Letters to the Editor

Louise Fisher: Treat, don’t incarcerate mentally ill people

Regarding the Nov. 9 news article “ State locks down info on inmate death”: Thanks to the bravery of David Chambers, the public got a small glimpse of the disgraceful and paltry treatment of North Carolina’s mentally ill residents.

For decades prisons and jails have housed more mentally ill patients than hospitals have. Downsizing and closing state hospitals only increased the number of incarcerations of mental patients. It’s much easier to incarcerate them than to spend days trying to find empty psychiatric beds in North Carolina.

Placing mental patients in jails and prisons is not at all appropriate for many reasons. It criminalizes persons who suffer from a no-fault brain disease. Often they are isolated, and studies have shown this to be detrimental to the mentally ill.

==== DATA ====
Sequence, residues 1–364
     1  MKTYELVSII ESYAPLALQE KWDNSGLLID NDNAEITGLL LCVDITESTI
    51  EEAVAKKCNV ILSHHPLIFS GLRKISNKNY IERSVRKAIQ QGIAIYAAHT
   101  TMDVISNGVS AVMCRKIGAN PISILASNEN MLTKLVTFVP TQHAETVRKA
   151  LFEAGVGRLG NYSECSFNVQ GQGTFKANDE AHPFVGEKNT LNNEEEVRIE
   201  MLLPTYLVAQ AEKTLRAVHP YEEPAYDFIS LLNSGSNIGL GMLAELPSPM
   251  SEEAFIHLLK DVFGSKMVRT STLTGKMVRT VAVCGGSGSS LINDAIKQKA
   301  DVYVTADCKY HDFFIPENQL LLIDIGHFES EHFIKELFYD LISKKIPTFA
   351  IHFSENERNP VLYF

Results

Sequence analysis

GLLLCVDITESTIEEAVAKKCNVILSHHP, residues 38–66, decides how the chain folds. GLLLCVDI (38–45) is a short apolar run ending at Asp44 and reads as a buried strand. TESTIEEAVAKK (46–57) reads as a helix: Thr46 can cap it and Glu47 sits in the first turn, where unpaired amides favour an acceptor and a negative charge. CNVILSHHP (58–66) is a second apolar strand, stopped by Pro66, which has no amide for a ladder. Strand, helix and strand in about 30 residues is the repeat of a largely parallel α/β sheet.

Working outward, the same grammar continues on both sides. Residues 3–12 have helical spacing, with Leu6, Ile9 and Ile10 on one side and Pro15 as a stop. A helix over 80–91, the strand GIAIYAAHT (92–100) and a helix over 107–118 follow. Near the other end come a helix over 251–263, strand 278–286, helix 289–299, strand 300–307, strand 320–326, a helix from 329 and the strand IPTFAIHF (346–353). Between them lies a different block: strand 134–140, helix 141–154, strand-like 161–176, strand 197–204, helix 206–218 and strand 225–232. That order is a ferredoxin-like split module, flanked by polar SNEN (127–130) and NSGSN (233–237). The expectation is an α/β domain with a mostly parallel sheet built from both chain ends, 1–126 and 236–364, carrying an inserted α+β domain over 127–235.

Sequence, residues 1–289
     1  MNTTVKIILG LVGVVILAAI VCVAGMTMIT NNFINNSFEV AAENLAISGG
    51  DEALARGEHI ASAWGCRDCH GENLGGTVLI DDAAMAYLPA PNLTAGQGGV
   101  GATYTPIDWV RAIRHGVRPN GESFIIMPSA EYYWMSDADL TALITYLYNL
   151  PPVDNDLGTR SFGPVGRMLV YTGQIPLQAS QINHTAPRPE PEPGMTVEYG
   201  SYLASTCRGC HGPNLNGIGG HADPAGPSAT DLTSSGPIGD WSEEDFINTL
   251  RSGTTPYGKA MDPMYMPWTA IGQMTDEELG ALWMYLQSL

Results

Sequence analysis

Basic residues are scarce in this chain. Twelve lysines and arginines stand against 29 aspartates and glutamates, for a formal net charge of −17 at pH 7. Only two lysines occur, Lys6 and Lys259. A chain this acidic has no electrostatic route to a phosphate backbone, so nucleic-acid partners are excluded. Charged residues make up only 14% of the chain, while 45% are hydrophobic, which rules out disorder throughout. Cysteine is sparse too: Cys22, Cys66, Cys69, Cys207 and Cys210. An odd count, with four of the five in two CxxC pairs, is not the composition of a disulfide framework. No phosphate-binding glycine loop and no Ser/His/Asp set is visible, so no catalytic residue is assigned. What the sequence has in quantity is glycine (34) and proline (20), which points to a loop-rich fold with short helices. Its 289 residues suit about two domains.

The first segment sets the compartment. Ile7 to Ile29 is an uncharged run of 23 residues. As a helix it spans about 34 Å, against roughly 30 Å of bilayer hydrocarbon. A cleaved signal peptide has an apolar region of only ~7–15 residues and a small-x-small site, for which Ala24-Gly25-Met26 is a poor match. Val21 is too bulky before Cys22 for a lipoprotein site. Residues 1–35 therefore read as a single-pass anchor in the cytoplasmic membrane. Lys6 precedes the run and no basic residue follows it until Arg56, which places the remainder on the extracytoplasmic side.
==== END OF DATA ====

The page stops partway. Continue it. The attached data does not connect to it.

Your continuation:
Unlike state hospitals, prisons do not train their staff to serve the mentally ill.

Abuse of the mentally ill is nothing new but is rarely publicized. In 1999 The N&O reported on abuse and death of mentally ill patients in Central Prison. How many more unnecessary deaths from inappropriate imprisonment of mentally ill individuals have to occur before we decide to adequately treat persons with mental illness?

Louise Fisher

Raleigh

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